The Enemy That Never Was: A History of the Japanese Canadians. Rev. ed.


474 pages
Contains Photos, Bibliography, Index
ISBN 0-7710-0722-1
DDC 971'.004956





Reviewed by Nobuaki Suyama

Nobuaki Suyama is a Ph.D. candidate in political science at the
University of Alberta.


This detailed book comprehensively describes the experience of the
Japanese in Canada. It traces the background of their homeland to
explain their seemingly “curious” behavior in a new country. If one
wants to learn about Japanese immigration to Canada, I recommend this as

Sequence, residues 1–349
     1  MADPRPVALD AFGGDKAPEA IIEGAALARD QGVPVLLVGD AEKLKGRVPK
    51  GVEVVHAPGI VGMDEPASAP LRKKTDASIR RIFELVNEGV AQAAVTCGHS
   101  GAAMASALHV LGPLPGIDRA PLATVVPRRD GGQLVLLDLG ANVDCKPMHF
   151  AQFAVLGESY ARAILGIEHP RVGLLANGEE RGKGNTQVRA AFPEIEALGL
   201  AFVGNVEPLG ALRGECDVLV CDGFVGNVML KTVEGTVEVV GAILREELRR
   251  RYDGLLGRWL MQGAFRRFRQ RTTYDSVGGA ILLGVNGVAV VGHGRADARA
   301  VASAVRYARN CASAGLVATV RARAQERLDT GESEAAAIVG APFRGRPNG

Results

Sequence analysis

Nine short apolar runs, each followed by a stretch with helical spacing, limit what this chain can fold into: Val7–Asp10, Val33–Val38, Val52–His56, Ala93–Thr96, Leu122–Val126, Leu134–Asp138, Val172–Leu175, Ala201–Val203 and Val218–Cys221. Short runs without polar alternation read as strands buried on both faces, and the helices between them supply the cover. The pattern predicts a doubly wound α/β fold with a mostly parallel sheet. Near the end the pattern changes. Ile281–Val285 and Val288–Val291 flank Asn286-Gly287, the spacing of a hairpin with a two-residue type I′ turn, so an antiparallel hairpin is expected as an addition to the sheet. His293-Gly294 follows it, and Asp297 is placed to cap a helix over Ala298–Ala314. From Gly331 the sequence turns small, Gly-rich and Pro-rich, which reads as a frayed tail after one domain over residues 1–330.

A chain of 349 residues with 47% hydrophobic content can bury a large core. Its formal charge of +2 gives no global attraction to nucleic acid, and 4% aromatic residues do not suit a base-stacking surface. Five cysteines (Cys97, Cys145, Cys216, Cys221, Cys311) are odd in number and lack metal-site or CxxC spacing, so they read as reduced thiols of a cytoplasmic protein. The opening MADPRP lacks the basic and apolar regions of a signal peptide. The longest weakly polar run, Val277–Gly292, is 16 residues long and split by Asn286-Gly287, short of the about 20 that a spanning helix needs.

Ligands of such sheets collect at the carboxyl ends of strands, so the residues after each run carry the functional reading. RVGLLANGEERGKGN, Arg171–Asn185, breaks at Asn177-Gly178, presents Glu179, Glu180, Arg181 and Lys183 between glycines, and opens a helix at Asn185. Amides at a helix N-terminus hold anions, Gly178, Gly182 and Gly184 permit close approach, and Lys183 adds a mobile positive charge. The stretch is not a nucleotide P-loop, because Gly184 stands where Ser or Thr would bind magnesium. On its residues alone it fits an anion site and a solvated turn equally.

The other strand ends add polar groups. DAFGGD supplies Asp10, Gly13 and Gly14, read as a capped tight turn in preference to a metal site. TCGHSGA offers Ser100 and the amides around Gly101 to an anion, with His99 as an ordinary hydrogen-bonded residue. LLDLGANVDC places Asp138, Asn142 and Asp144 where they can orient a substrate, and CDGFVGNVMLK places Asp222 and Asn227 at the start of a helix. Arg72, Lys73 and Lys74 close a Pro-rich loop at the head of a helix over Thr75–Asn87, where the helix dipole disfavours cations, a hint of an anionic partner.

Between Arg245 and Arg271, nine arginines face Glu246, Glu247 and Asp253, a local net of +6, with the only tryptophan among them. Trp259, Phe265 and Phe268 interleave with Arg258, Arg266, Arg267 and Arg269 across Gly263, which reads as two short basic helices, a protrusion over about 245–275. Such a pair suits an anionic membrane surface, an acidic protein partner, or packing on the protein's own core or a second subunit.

the best book to read, despite its author’s inability to use resource
materials written in Japanese.

The first edition, published in the 1970s, was not revised by the
author (who unfortunately passed away in 1989). This second edition
contains an additional chapter by an American historian, Roger Daniels,
who focuses on the question of redress, an issue that proceeded in
parallel in Canada and the U.S. Both editions share the same main fault:
their scant treatment of postwar Japanese immigrants. Just as Japanese
immigrants have changed (especially since the 1970s), so should
histories of Japanese-Canadians. We anxiously await the appearance of a
substantial work on recent Japanese immigration and settlement in


Adachi, Ken., “The Enemy That Never Was: A History of the Japanese Canadians. Rev. ed.,” Canadian Book Review Annual Online, accessed January 21, 2022,